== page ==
How Should Family and Staff Support Your Love Life?

Lots of people get support from family or staff for different things. Sometimes people need support in order to have a love life. Maybe it’s help with getting a ride to a date. Maybe it’s tips on how to dress, or conversation-starters. In this video, people talk about what happened when they first told their families and staff that they wanted to go on dates. They also talk about what sort of support they want to receive for their love lives.

What we Talk About and Why

 

How and Where to Meet New People

  • How some people move from that initial meeting to dating.
  • How some people move from casual dating to longer term commitments.
  • How people break up. How people recover from break ups.

 

Many people we support are interested in meeting people for friendship and dating. They may have limited opportunities to socialize, and limited information about where & when people tend to meet and mingle. This sometimes leads to things like asking strangers on the bus out on a date. They may have little context for how relationships progress and change. This sometimes leads to things like planning a wedding right after getting someone’s phone number.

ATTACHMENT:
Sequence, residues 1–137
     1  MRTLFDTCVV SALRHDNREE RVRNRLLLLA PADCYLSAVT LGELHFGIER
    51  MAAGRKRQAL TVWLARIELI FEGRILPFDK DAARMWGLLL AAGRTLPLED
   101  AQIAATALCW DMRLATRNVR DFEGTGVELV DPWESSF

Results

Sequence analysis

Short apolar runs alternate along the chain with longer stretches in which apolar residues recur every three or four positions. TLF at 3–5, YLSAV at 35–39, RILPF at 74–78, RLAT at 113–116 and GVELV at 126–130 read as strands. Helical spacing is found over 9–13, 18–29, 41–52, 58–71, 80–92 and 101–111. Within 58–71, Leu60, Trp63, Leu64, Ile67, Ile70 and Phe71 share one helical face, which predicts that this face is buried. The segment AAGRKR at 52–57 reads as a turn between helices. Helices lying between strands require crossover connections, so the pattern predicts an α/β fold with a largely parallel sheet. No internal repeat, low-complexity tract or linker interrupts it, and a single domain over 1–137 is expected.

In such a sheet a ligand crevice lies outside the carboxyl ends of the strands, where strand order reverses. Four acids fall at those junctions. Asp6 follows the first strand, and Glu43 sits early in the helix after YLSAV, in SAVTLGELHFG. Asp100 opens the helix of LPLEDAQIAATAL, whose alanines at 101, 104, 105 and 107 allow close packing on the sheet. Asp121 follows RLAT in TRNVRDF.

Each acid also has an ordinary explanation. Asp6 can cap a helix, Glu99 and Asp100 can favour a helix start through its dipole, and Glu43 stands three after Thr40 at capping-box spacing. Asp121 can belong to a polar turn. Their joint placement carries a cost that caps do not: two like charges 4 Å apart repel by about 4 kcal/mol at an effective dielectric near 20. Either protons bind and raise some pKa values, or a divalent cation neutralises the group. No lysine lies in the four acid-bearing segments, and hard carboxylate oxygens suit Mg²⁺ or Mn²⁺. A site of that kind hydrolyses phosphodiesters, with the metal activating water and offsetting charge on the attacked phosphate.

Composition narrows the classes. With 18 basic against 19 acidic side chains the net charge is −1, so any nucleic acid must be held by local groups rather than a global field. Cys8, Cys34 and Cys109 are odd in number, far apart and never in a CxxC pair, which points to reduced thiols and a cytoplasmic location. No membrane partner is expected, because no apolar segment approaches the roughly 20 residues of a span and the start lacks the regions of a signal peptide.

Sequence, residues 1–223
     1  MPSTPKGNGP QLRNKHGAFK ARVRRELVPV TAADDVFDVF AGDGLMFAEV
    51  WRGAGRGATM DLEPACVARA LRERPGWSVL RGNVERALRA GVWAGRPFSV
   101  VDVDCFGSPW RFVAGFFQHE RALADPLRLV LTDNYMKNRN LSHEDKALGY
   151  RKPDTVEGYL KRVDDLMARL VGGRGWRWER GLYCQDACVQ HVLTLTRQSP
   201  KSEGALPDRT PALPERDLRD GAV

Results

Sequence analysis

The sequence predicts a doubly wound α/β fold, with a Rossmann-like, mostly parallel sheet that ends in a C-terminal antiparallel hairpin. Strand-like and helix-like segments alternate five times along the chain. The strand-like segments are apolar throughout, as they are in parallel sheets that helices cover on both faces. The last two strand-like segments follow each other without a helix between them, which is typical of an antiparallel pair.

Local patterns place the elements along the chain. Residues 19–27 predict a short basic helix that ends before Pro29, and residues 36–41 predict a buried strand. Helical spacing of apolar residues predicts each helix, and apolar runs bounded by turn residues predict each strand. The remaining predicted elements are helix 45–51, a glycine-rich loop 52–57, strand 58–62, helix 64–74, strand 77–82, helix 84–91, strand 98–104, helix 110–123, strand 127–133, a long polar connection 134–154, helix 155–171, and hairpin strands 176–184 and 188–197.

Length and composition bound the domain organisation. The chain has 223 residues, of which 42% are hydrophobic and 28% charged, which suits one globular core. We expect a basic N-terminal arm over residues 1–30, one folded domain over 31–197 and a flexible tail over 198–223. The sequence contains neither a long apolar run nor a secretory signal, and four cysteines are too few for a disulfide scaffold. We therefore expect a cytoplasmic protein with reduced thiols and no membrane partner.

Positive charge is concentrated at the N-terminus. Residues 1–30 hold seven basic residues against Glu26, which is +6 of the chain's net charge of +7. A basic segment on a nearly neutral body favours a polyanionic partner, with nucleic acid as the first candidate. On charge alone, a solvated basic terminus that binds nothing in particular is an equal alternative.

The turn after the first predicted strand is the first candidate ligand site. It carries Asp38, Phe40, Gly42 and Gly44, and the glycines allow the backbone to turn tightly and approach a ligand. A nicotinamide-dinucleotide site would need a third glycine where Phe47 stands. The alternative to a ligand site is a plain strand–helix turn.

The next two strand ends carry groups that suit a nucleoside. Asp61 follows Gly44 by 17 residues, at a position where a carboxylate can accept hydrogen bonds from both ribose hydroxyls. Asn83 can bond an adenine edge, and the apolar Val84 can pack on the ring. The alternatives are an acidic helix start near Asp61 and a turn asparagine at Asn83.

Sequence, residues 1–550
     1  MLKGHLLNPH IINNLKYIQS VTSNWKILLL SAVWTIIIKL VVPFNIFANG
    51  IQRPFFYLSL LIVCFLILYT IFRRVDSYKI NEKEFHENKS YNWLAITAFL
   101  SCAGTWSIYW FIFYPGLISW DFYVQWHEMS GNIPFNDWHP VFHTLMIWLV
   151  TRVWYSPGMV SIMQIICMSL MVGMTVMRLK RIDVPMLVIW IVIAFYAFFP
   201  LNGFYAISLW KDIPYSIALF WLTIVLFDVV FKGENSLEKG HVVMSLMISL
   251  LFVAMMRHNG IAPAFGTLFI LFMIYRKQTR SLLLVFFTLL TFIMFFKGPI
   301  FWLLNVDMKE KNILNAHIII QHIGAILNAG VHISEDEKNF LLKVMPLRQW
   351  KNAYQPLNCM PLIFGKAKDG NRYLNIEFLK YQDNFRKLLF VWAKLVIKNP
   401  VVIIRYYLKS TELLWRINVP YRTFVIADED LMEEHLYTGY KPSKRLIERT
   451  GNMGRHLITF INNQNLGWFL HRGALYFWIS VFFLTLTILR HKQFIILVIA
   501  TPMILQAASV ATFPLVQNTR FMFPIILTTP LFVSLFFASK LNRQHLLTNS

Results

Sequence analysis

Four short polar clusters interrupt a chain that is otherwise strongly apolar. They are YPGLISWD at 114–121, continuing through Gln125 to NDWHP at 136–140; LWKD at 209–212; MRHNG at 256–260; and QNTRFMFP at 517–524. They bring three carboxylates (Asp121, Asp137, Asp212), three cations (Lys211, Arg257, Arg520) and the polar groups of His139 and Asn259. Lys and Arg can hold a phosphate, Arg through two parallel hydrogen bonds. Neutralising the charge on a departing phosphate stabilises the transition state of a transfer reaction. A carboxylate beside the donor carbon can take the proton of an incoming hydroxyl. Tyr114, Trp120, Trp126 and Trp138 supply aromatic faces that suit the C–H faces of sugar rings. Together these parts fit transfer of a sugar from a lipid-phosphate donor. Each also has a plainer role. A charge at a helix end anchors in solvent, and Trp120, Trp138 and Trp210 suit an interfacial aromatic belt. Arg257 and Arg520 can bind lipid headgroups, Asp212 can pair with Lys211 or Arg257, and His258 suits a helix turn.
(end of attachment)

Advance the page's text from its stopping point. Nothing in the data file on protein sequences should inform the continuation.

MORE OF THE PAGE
In our videos, people of all abilities discuss where they met their partners, and how their relationships progressed over time. This gives a bit more nuanced information about dating than we get to see in a typical TV sitcom or romantic comedy film.

 

 

Who and Where to Get Information About Sex

Sex education happens to everybody every day, whether we like it or not. We are bombarded with images, messages, and ideas about sex from our televisions, billboards, iPods, computers, and magazines. This ‘education’ is factually unreliable, and it often reinforces a particular value set. Some people are objectified. Others are ridiculed or erased. This ‘education’ is also a one-way monologue. It’s not a dialogue. There isn’t room for questioning or reflection.

In the midst of all this, we could all use someone reliable and trustworthy to talk to about sexuality. For people with cognitive disabilities, picking the right person is important. Our videos discuss what qualities to look for in a confidante. We also list services that provide accurate, agenda-free sexual health information.

We also discuss who NOT to talk to about sex. (Strangers are usually a bad choice, for example.)

 

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